I personally think that the LaTeX tools aren’t among the most polished tools. Just look at the Makefile generated by Doxygen to see the run-until-no-more-differences-found loop to work around inconveniences in the LaTeX tools. Or just look at the terrible error messages. Also, the syntax isn’t surprisingly pleasant.

But when you want to focus on the content, forget about the accumulated little formatting details and produce beautiful scientific papers, a book with consistently in-between linked references or even just a few math formulas, LaTeX is probably what you should, at least, consider.

Bonus: bash

Capable to automate the most surprising tasks in a computer, if you are using an Unix variant system. You could automate builds, customize software startup sequences and manage your system. But if you’re using an Unix variant system, you already may be aware of that.


No Java, C++ or Python in this list. Maybe I’ll do a part 2 of this article containing languages with a lesser chance to be used like SQL, MongoDB, OpenGL, R, GStreamer or some Assembly. Actually, I think Java, C++ and Python have a better chance to be used than Haskell, but if you learn every language in this list, C++, Java and Python will be easy to catch up and the lines of code you write will be more elegant.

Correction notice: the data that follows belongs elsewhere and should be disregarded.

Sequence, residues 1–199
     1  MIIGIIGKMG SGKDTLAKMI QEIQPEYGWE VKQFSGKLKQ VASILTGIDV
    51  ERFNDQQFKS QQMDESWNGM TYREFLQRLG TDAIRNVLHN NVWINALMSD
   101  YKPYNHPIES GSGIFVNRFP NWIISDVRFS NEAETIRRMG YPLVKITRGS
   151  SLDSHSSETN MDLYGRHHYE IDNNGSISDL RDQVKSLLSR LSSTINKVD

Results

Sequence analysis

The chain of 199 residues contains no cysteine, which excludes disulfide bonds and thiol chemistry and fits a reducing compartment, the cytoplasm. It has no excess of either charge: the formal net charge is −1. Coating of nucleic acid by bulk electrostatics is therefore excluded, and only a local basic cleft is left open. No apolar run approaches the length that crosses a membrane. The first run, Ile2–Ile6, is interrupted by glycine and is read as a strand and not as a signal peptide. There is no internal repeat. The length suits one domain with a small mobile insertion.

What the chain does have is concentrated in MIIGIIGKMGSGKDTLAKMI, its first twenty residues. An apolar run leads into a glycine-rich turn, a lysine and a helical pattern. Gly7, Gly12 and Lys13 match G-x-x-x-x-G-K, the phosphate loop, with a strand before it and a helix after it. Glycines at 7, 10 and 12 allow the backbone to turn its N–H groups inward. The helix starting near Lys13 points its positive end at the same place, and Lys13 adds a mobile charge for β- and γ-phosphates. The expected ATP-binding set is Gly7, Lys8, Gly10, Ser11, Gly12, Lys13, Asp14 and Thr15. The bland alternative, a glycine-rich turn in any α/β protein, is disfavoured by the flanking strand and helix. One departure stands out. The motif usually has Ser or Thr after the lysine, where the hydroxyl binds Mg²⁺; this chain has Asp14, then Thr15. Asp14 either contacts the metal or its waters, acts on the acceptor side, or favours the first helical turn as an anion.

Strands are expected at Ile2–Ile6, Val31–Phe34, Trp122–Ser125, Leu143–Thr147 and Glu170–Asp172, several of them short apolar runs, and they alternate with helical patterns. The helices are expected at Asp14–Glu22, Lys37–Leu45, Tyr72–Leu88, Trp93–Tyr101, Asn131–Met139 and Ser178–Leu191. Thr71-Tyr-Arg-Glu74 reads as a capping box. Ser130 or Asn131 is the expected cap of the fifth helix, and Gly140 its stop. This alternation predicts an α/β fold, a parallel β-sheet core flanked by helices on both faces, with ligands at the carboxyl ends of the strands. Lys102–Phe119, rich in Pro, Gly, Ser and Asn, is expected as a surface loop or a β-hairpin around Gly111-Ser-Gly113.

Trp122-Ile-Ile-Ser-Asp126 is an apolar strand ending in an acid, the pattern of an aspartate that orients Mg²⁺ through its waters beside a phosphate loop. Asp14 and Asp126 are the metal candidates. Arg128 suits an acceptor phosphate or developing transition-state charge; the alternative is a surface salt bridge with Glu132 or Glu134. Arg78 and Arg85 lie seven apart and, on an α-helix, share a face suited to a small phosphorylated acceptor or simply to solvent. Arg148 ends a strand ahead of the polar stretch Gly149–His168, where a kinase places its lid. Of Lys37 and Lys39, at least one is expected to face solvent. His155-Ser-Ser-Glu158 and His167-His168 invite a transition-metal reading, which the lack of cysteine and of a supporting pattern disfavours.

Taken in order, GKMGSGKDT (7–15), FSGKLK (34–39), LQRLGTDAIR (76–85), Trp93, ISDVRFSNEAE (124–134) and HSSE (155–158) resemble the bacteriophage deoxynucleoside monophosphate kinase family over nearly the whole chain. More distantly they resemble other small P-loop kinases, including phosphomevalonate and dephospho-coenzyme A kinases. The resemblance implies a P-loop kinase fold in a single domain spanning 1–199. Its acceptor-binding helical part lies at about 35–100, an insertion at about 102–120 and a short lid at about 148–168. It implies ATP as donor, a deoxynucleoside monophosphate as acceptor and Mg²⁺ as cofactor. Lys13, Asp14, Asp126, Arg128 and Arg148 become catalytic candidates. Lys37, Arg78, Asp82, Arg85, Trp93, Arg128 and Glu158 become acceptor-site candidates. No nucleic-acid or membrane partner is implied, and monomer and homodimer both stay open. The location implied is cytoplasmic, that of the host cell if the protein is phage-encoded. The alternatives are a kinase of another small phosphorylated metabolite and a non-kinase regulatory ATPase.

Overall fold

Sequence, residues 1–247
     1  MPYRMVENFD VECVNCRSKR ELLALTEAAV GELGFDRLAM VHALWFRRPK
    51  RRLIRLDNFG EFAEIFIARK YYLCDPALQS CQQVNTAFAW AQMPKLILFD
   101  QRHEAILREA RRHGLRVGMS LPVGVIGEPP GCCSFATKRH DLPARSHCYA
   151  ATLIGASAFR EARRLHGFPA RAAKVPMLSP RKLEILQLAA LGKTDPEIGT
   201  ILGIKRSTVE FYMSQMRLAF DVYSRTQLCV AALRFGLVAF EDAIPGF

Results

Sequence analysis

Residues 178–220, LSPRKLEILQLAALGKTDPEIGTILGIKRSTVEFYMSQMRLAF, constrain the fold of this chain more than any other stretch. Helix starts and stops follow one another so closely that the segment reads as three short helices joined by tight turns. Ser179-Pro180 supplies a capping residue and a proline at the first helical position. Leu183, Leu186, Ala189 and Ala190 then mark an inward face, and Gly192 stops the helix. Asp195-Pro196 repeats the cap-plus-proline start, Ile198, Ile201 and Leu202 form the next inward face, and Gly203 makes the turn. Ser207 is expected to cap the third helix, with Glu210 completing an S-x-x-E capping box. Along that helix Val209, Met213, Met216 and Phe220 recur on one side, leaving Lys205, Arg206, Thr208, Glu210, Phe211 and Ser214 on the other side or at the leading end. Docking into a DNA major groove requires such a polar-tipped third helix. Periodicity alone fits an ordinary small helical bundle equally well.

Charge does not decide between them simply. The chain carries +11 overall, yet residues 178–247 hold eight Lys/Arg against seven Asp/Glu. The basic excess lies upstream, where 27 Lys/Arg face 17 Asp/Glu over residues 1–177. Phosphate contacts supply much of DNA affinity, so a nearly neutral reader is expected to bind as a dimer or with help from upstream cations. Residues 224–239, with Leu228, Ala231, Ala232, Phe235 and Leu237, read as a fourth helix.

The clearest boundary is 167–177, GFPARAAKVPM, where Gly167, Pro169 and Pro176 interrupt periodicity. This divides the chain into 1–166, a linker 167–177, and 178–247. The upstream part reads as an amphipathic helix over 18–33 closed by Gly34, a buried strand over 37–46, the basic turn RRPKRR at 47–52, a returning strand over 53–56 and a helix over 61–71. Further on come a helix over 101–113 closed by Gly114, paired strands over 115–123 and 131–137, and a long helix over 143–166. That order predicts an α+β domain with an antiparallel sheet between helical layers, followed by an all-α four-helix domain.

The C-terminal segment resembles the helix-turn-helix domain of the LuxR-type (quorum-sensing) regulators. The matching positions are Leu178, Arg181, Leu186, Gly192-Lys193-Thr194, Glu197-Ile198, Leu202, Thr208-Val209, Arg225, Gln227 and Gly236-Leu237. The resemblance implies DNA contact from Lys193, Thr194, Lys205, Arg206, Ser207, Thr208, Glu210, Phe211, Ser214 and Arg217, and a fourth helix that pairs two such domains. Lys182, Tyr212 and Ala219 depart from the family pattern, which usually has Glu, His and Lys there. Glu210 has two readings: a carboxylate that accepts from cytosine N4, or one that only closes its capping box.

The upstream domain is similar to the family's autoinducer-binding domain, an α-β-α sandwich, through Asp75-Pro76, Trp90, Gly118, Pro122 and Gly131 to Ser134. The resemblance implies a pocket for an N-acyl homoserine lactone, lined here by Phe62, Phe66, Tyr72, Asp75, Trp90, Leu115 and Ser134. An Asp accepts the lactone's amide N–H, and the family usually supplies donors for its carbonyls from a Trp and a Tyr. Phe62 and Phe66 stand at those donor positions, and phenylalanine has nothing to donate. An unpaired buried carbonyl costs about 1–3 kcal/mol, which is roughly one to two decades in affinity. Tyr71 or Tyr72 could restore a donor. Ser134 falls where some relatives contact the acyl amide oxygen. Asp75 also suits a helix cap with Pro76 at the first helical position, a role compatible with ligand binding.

Análise de TAD e POO em Ruby

Recentemente acabei investindo um pouco de esforço para aprender e analisar o suporte que Ruby dá para tipos abstratos de dados e programação orientada a objetos devido a um trabalho que meu professor de paradigmas de linguagens de programação cobrou. Apesar de eu ser iniciante na linguagem e o documento resultante poder conter erros, acho que pode ser interessante para outras pessoas, então estou deixando tal documento sobre a linguagem Ruby aqui.